Volumetric surveys

What is a volumetric survey?

A volumetric survey is the comparison of the results of two or more topographical surveys conducted at different points in time.

Why are volumetric surveys required?

Volumetric surveys provide the EPA with information relating to the:

  • rate at which available landfill capacity is being consumed
  • management of stockpiles of waste awaiting recycling or processing
  • functioning of the waste levy (levy) system.

When should a baseline and volumetric survey be undertaken?

Initial (baseline) survey

The EPA may direct any new scheduled waste disposal facilities (i.e. EPA-licensed landfills) or existing EPA-licensed landfills to be surveyed on a date specified by the EPA.

This survey is referred to as the baseline survey (it is not a ‘volumetric survey’). The baseline survey establishes the total design capacity of the facility and sets the benchmark against which all other surveys will be compared.

Routine (volumetric) survey

Unless the EPA agrees to an alternate time frame, occupiers must have their waste facility surveyed each June and December. This is known as the survey period.

The EPA may also direct an occupier, by notice in writing, to undertake a volumetric survey at any time. For example, the occupier may be directed to undertake a volumetric survey before placing the waste in a newly constructed cell.

Who can undertake a survey?

Surveys must be carried out by a qualified surveyor.

What is required to be surveyed?

Periodic volumetric surveys of landfill sites and topographical surveys of scheduled waste facilities may be required.

Refer to Waste Levy Guideline 5 – Topographical and volumetric surveys of the Waste Levy Guidelines (PDF 509KB).

Definitions

 

Accuracy

Tolerance of +/- 0.2m. This figure is considered reasonable for the type of survey and task required.

Boundaries, site area

The site boundaries should clearly identify the extent of the site covered by the licence. The adjoining title information puts the site in context with surrounding land-parcels and land-owners.

 See also title details.

Boundaries, active cells

An active cell is one that either received waste for landfilling or was mined or quarried, during the survey period.

The plan should clearly show the boundaries of these areas.

The boundaries of the active cells should be determined at the commencement of operations and will remain unchanged during the life of the cell. Areas occupied by bund walls, lining material etc. are to be enclosed within the denoted boundary.

Change in void space during a survey period

This is the net change in void space since the last survey. Where a facility is used for both landfilling and extracting and removing material from the site, it is possible that this figure may be positive, that is, more void space may have been created by extraction and removal from the site than was consumed by landfilling.

Contours

Lines drawn in the plan, which represent the nominated level along their entire length. The locations of these lines are interpolated between measured heights, and the accuracy of those locations is directly dependent on the distance between the heights and the irregularity of the topography, i.e. rough terrain should have a greater density of measured heights to ensure accurate contours.

Occupier

The occupier is the entity who has management or control of the facility.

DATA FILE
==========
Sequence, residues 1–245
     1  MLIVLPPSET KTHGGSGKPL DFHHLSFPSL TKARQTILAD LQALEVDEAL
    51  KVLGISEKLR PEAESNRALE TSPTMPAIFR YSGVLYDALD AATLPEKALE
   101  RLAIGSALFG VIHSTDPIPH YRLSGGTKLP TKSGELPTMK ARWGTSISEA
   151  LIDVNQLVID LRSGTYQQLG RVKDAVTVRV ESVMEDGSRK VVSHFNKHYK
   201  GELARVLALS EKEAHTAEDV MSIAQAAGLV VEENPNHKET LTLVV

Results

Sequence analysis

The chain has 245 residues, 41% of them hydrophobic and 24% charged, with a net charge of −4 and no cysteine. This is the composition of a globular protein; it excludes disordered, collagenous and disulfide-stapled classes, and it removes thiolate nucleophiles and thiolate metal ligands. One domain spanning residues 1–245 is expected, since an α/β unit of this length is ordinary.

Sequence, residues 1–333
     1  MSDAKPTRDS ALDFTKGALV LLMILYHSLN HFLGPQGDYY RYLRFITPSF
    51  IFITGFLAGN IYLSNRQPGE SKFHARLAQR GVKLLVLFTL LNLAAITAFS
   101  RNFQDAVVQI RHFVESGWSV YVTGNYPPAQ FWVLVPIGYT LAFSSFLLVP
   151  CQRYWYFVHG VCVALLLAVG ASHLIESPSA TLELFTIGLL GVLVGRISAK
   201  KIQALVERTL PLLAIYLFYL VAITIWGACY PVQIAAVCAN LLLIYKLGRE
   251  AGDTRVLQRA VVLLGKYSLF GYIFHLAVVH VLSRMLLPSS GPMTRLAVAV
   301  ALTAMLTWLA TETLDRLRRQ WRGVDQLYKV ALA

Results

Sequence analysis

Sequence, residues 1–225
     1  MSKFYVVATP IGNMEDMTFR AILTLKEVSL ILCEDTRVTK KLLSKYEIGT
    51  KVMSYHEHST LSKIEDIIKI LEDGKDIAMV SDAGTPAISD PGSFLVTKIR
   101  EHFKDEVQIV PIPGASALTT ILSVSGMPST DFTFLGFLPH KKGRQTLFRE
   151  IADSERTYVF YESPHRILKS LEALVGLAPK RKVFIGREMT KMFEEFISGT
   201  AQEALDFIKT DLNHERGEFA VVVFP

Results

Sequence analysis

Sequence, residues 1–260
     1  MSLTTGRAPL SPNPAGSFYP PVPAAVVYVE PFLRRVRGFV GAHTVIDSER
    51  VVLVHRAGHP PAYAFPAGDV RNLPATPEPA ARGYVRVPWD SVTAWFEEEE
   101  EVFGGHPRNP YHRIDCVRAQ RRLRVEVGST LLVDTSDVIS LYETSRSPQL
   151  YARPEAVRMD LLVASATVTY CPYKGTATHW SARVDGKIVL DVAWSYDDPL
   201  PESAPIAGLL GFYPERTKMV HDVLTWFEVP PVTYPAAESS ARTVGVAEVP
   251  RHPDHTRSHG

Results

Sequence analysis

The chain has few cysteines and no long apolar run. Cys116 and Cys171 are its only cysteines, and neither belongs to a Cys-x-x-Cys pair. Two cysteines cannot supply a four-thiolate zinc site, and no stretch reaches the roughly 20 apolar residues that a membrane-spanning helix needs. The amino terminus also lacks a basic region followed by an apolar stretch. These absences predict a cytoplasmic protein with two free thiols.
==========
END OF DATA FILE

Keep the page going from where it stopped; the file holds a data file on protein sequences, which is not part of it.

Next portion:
Prescribed date

For surveys carried out in December, the following 31 January. For surveys carried out in June, the following 31 July.

Registered surveyor

Surveyor registered under the Surveying Act 2002.

Scale

The scales quoted are commonly used for engineering purposes and should allow plans to be free of overlapping and crowded information.

Stockpile details

Stockpile locations must be cross-referenced to the landfill facility information certificate for identification purposes. Numbers must correlate with the stockpile information certificate.

Occupiers have been provided with a separate set of instructions dealing with the stocktake of stockpiles and the stockpile information certificate.

Occupiers will provide the surveyor with the stockpile identification number to be shown against the relevant stockpile on the survey plan.

Survey plans

Show site detail and levels. Items of detail which should be shown for landfill facilities are buildings, roads, fences, stockpiles, ponds, landfill cells, extraction areas, weighbridges and any other significant details likely to impact on volume usage or landfill lifespan.

Title details

Site area to be shown in hectares.

The lot and deposited plan (DP) covered by the landfill licence. All lot and deposited plan numbers within the site must be denoted on the plan.

Where the landfill does not occupy a unique lot or deposited plan, that is, the licence might be referred to as to part of Lot 1, Lot 2 in the deposited plan 234567, the plan must show the Map Grid Australia (MGA) coordinates of the cadastral boundary.

The MGA coordinates of the active landfill site must be denoted on the plan and must remain unaltered over the life of the cell.

Void space remaining at beginning of survey period

The void space remaining before total design capacity is reached.

                                                                                                                                                                                                                                                                                                                                                                           

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